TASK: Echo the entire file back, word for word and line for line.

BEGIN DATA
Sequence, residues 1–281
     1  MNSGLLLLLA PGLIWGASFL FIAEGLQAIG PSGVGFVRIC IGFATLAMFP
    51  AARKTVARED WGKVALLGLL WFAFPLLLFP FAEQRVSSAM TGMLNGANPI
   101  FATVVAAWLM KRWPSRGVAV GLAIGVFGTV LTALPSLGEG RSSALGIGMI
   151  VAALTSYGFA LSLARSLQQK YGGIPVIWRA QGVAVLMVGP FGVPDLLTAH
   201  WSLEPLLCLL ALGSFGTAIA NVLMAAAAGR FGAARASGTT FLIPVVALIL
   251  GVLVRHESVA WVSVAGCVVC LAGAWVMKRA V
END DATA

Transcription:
Sequence, residues 1–281
     1  MNSGLLLLLA PGLIWGASFL FIAEGLQAIG PSGVGFVRIC IGFATLAMFP
    51  AARKTVARED WGKVALLGLL WFAFPLLLFP FAEQRVSSAM TGMLNGANPI
   101  FATVVAAWLM KRWPSRGVAV GLAIGVFGTV LTALPSLGEG RSSALGIGMI
   151  VAALTSYGFA LSLARSLQQK YGGIPVIWRA QGVAVLMVGP FGVPDLLTAH
   201  WSLEPLLCLL ALGSFGTAIA NVLMAAAAGR FGAARASGTT FLIPVVALIL
   251  GVLVRHESVA WVSVAGCVVC LAGAWVMKRA V